A series of stunning rainbow contrails were captured by amateur photographer Soumyadeep Mukherjee, from Kolkata, India.
Contrails are a type of ice cloud produced when water vapor generated from the airplane's engines condenses and freezes around dust particles or with the water vapor already present in the air, according to NASA.
Rainbow contrails are produced when the frozen water droplets diffract sunlight in the same direction. According to Contrail Science, they are known as aerodynamic contrails and are formed when air pressure and temperature over the wings drop, causing the water vapor to freeze into different-sized droplets. When backlit by the sun, these frozen water droplets refract the light at different wavelengths, appearing as a rainbow to the observer.
It's all about being in the right place at the right time.
Mukherjee had originally set out to photograph the International Space Station transiting the sun, but clouds soon put a stop to that. He then turned his sights to an emerging sundog — a concentrated patch of sunlight occasionally seen to the right, left, or both sides of the sun — with a low-magnification zoom when he saw an airplane in the field of view.
"Nature never disappoints," Mukherjee told Space.com in an email.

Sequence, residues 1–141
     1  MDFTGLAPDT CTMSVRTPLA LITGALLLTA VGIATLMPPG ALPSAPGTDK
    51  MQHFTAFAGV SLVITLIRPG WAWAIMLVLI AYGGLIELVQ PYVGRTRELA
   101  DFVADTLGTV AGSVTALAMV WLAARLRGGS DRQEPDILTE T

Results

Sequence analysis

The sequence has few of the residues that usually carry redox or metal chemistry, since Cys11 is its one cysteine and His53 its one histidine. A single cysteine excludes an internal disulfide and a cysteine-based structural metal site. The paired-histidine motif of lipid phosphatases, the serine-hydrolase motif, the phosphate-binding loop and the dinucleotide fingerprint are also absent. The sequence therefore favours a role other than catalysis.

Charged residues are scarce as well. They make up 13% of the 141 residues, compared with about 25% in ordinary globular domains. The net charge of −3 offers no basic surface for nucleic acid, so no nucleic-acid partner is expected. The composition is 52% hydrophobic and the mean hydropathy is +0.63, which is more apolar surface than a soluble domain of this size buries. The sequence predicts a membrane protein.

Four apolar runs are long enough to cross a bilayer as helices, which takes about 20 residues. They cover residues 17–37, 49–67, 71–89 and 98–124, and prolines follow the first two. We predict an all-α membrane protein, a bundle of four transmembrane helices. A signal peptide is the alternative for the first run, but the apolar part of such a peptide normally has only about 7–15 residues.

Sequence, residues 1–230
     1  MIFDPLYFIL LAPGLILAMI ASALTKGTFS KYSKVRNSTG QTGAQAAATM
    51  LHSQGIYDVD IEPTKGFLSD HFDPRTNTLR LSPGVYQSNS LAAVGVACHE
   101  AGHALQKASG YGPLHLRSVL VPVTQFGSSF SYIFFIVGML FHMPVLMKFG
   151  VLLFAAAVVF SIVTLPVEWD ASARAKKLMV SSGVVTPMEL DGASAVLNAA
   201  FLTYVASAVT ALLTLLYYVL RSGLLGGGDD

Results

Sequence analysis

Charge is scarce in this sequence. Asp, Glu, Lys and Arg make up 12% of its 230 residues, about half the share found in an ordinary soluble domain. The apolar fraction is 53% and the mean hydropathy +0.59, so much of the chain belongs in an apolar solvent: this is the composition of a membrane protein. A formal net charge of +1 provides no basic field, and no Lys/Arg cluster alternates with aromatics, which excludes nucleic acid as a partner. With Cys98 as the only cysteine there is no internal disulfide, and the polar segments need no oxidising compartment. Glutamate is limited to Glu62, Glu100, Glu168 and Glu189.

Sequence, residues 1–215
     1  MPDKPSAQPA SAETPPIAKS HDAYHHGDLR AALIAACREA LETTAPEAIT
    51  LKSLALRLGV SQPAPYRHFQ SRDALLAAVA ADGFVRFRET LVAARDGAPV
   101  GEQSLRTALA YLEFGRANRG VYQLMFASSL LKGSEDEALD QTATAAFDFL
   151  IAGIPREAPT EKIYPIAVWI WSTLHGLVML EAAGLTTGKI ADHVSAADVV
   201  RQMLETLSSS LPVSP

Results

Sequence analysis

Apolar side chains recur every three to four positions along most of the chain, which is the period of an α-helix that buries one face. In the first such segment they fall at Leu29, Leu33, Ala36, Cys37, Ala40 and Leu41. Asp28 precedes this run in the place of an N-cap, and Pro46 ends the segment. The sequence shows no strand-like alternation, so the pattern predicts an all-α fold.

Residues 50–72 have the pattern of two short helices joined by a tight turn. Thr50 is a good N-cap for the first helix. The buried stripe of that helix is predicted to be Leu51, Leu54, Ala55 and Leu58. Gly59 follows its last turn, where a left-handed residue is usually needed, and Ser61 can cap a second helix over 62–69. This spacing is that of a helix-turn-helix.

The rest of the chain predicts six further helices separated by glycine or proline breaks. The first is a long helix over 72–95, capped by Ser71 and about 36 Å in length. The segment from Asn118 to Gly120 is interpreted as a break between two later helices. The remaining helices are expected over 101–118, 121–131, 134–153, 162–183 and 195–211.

Equipment: Nikon D5600, Sigma 150-600c, Leofoto tripod
Location: Kolkata, India
Exif: f/9, 1/1600s, ISO 250, 600mm
"I quickly zoomed my lens at 600mm and was very surprised to see some colours on the contrail." Mukherjee said.
"I couldn't believe that I captured it", Mukherjee continued. "The colours were faint and not visible to the naked eye. Had I not zoomed in with my camera, I would have missed it completely."
[insert image of the 7 contrails]
Caption: A collage of 7 individual images captured over a period of 40 seconds showing some changes in the iridescent colors and also in the contrail shape.
Thrilled with his efforts from July 19, Mukherjee set his sights on the sky once again on July 24, and photographed more rainbow contrails in exquisite detail.
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